People v Cyrus
2005 NY Slip Op 04074 [18 AD3d 1020]
May 19, 2005
Appellate Division, Third Department
Published by New York State Law Reporting Bureau pursuant to Judiciary Law § 431.
As corrected through Wednesday, July 20, 2005

The People of the State of New York, Respondent, v Karriem Cyrus, Appellant.


Rose, J. Appeal from a judgment of the Supreme Court (Lamont, J.), rendered September 26, 2002 in Albany County, upon a verdict convicting defendant of the crime of robbery in the second degree.

Defendant and his codefendant, Michael Fenner, were indicted on two counts of robbery in the second degree for their involvement in a mugging. Fenner ultimately pleaded guilty to a charge of attempted robbery in the second degree, with the understanding that he would testify against defendant. Following a trial, at which Fenner was not called to testify, the jury acquitted defendant of the count of robbery in the second degree alleging the display of a firearm (see Penal Law § 160.10 [2] [b]), but convicted him of the remaining count of robbery aided by an accomplice (see Penal Law § 160.10 [1]). Defendant was sentenced to a prison term of six years, and now appeals.

Initially, we conclude that the evidence was legally sufficient to prove the element of being "aided by another person actually present" (Penal Law § 160.10 [1]). At trial, the testimony of eyewitnesses established that, at approximately 1:30 a.m. on the day in question, defendant and Fenner approached the victim, who was walking with two friends on a city sidewalk. Defendant asked the victim for a dollar and tapped the victim's pocket. When the victim refused, defendant pointed an object at the victim and pushed him away from his friends [*2]into a dark, recessed doorway. While defendant was doing so, Fenner held back the victim's friends saying, "it will be over soon." After defendant searched the victim's pockets, he grabbed the victim's wallet and fled the scene with Fenner.

Viewing this evidence in the light most favorable to the People, we find that the jury could have rationally determined that defendant committed the robbery and received the aid of Fenner, who restrained those who might have intervened on the victim's behalf and, thus, aided in the robbery of the victim (see People v Crutchfield, 149 AD2d 857, 858 [1989], lv denied 74 NY2d 738 [1989]; cf. People v Hedgeman, 70 NY2d 533, 543 [1987]; People v Coleman, 5 AD3d 956, 959 [2004], lvs denied 3 NY3d 638 [2004]). In addition, we are satisfied that the jury gave the evidence the weight it should have been accorded (see People v Gonzalez, 158 AD2d 399, 399-400 [1990], lv denied 75 NY2d 966 [1990]).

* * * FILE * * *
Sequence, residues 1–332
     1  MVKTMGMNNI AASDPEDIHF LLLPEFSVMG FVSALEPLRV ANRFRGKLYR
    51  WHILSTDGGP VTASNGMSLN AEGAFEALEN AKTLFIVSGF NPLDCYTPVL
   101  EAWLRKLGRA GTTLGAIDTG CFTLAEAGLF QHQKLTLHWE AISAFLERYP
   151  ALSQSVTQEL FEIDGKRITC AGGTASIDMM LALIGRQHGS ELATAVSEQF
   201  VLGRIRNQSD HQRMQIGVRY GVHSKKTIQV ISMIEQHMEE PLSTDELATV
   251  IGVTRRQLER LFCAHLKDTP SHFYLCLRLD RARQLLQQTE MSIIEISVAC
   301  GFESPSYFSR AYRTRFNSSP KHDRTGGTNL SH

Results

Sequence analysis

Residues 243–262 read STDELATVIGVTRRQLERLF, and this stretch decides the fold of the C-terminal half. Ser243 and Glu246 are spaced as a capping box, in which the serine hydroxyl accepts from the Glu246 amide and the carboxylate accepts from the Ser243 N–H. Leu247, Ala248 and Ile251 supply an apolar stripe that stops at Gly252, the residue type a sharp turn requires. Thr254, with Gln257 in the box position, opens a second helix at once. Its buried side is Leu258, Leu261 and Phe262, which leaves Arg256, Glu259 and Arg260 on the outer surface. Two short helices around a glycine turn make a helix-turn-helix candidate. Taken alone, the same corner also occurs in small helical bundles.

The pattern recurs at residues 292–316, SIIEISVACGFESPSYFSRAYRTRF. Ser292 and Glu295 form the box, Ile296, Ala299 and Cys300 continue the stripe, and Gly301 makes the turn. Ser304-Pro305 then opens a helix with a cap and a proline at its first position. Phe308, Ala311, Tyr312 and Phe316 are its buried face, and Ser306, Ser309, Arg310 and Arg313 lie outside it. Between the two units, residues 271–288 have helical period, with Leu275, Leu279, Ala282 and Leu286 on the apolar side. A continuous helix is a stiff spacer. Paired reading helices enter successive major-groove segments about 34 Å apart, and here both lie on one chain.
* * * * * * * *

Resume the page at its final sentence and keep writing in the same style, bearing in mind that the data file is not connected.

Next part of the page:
Next, defendant contends that the prosecution committed a Brady violation by failing to disclose the victim's misidentification of defendant until the eve of trial. However, this exculpatory evidence had been disclosed directly to defendant's counsel by the investigating detective well before trial commenced, giving defendant a meaningful opportunity to use the information at trial (see People v Cortijo, 70 NY2d 868, 870 [1987]; People v Clarke [Bo], 5 AD3d 807, 809-810 [2004], lvs denied 2 NY3d 796, 797 [2004]).

We also find no error in Supreme Court's denial of defendant's request for a missing witness charge with respect to his accomplice, Fenner. The People are not required to call an accomplice whose testimony would be "presumptively suspect" (People v Rios, 184 AD2d 244, 245 [1992], lv denied 80 NY2d 908 [1992]; see People v Batson, 219 AD2d 538, 539 [1995], lv denied 87 NY2d 844 [1995]).

Finally, in light of defendant's criminal history, we find no abuse of discretion or any extraordinary circumstances that would warrant modification of the sentence (see People v Smith, 300 AD2d 745, 746 [2002], lv denied 99 NY2d 616 [2003]; People v Bell, 290 AD2d 729, 730 [2002]).

Mercure, J.P., Crew III, Peters and Mugglin, JJ., concur. Ordered that the judgment is affirmed.